A score of 4 or 5 on either the A or AB exam in Computer Science will give you 4 credits and exempt you from CSCI 117. Additional course work in high school may exempt you from CSCI 151 after consultation with the department.
We teach our introductory course in Python because it minimizes syntactic complexity, allowing you to focus on learning concepts. By the time you graduate you should know how to program in Java and Python. In addition, you’ll be exposed to: C, SQL, UML and be able to construct a website with HTML+CSS+JS. We teach and use Java for the programming core of the major.
Yes. We recommend Computer Science 117 for all students interested in computer science, whether or not they have had previous programming experience. If you want to know more about CSCI 117 or about our program in general, speak with one of the program’s faculty members.
All Drew students are required to have a laptop computer. Having your own laptop means you are not dependent on finding an open, functional computer in a lab, and you can work on assignments any time and anywhere. In addition, Drew uses virtualization to ensure our students have access to the software they need to be successful–you’ll have access to all the software Drew licenses even when you are off-campus.
Students often acquire a summer or semester long internship with a company. Unlike in many other disciplines, these are usually paid opportunities, and you can earn Drew credits as well. In recent years, our students have interned with investment banks, web design firms and large companies, including the BBC and Johnson and Johnson. Many CS students work on-campus at the CNS HelpDesk which provides computer support to fellow students. And, of course, tutors are always in demand for CS courses. A significant number of our majors apply to participate in the Drew Summer Science Institute and conduct guided summer research with a professor. Your advisor will encourage you to keep your eyes open for opportunities that may appeal to you.
If you intend to take MATH 150, you will need to take the calculus placement exam. Based on your score on the placement exam, you will either be placed in MATH 001 or MATH 150. You must take the placement exam before signing up for either of these courses.
Math 115 is a one semester, applications oriented survey calculus course. The prerequisite for Math 115 is two years of high school algebra. Math 115 satisfies the [Q] requirement and it useful for a variety of majors including biology and economics. It may be the appropriate course for students planning to take only one semester of calculus. Note that Math 115 does not fulfill the same prerequisites as Math 150. Math 150 is the rigorous first course in a two or three semester calculus sequence. This sequence is required for many science majors including chemistry, mathematics, and physics. The prerequisites for Math 150 are three and a half years of high school math including trigonometry.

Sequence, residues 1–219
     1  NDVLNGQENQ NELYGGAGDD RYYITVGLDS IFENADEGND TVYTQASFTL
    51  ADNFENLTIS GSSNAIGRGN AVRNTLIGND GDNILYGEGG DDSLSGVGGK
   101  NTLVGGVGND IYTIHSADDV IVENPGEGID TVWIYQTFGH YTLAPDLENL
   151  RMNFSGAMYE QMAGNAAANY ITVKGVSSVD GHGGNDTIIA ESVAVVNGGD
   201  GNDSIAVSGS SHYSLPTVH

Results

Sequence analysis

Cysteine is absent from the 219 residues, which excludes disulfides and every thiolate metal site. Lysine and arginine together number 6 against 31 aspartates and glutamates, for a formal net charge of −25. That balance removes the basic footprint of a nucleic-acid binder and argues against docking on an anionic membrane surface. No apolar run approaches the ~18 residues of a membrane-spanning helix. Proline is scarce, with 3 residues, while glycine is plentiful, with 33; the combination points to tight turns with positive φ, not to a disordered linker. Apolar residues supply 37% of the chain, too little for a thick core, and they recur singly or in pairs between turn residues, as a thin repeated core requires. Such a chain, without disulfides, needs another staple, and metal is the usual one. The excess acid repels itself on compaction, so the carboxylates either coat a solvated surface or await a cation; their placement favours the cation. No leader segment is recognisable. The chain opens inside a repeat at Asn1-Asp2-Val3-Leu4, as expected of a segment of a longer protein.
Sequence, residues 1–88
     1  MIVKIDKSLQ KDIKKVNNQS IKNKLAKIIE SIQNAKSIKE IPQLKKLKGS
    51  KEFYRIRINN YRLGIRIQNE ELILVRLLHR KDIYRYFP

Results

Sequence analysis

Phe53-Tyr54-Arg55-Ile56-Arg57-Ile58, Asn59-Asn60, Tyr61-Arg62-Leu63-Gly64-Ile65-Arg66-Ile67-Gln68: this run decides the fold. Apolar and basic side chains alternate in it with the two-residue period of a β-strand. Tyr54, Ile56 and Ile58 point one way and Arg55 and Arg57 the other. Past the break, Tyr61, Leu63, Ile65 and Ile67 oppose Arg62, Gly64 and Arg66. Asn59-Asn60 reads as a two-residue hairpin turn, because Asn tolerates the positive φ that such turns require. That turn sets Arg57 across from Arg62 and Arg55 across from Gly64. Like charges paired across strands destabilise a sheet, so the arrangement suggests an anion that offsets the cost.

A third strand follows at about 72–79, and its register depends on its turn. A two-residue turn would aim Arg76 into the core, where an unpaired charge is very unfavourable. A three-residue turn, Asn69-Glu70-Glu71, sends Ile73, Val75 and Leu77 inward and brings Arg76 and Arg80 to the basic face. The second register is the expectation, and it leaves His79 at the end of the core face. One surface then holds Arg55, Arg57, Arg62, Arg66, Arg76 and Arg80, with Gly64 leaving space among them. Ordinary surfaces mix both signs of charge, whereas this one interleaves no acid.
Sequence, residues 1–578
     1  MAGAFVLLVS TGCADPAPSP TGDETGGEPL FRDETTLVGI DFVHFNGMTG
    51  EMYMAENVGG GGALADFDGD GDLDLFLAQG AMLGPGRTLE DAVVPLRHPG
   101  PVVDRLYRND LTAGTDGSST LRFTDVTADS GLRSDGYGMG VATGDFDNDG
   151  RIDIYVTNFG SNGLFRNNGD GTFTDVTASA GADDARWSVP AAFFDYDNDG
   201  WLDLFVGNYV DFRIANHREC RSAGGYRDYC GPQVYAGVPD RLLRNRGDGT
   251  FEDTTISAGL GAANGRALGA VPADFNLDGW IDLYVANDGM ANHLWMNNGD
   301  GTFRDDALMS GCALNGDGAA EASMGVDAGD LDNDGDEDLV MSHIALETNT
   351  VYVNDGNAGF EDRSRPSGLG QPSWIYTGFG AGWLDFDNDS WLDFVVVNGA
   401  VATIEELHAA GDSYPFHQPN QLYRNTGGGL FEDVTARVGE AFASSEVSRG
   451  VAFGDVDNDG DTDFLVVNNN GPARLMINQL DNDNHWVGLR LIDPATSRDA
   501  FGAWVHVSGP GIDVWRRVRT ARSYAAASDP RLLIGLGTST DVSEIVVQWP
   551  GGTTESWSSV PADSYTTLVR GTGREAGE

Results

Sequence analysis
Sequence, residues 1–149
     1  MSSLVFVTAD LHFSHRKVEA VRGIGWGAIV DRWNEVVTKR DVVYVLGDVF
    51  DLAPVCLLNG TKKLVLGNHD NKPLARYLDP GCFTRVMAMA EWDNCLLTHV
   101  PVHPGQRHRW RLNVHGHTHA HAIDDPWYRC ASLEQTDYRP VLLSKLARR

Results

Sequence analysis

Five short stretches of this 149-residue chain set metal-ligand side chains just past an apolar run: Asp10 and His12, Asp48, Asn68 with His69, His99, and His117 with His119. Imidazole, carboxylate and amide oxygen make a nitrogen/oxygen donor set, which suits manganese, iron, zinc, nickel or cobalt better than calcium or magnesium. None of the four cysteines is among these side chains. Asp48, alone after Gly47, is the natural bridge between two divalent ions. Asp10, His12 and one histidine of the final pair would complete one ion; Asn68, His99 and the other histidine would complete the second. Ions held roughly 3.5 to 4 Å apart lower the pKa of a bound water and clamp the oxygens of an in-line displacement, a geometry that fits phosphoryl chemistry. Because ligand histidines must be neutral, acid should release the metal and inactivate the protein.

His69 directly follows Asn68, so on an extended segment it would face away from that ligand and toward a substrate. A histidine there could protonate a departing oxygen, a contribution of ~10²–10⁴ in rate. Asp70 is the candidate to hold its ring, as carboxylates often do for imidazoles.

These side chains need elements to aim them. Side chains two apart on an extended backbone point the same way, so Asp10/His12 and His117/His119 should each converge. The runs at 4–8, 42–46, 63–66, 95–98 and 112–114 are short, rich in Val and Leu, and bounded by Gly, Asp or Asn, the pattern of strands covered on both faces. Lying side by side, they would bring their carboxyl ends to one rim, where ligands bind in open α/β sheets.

Students interested in majoring or minoring in Mathematics should begin with the calculus sequence Math 150 and Math 151 (or appropriate AP credit) followed by Math 310. It is desirable to take Math 310 by the fall semester of one’s sophomore year as it is the prerequisite for most upper-level math courses.
You may use any course in the department towards your [Q] general education requirement except MATH 001. The math courses most commonly used are Math 101, Math 111, Math 115, Math 117, and Math 150. It is a good idea look at the math requirements of any subject that you think is a potential major or minor before choosing a course for your [Q] requirement.
A score of 4 or 5 on the AB exam will give you four credits for Math 150. A score of 3 on the BC exam gives you four credits for Math 150, and a score of 4 or 5 on the BC exam gives you eight credits for Math 150 and Math 151.
There are no requirements to buy a certain kind of calculator. The calculator that you used in high school will generally meet all your needs.
First and foremost, you should speak with your instructor. The faculty member teaching your course has lots of experience in helping students learn the material and will have many suggestions for you. Peer tutors are available for any course through the dean’s office.
The Drew University Calculus Placement Exam is offered to incoming students during orientation and at other times, by appointment, with Jacqueline Cress. Students who anticipate taking MATH 150 at some point in the course of their studies are strongly encouraged to take the placement exam during orientation. (MATH 150 is a required course for the chemistry, mathematics, physics, and biochemistry and molecular biology majors, and it is an elective course for the biology major.)
Current students who have not taken the exam should contact Jacqueline Cress to arrange to take the exam.
Students can refer to this PDF guide in order to help them complete the mathematics major in four years.
The Drew University Calculus Placement Exam consists of 25 multiple choice questions. You will be allowed up to 45 minutes to complete the test. You are not allowed to use calculators.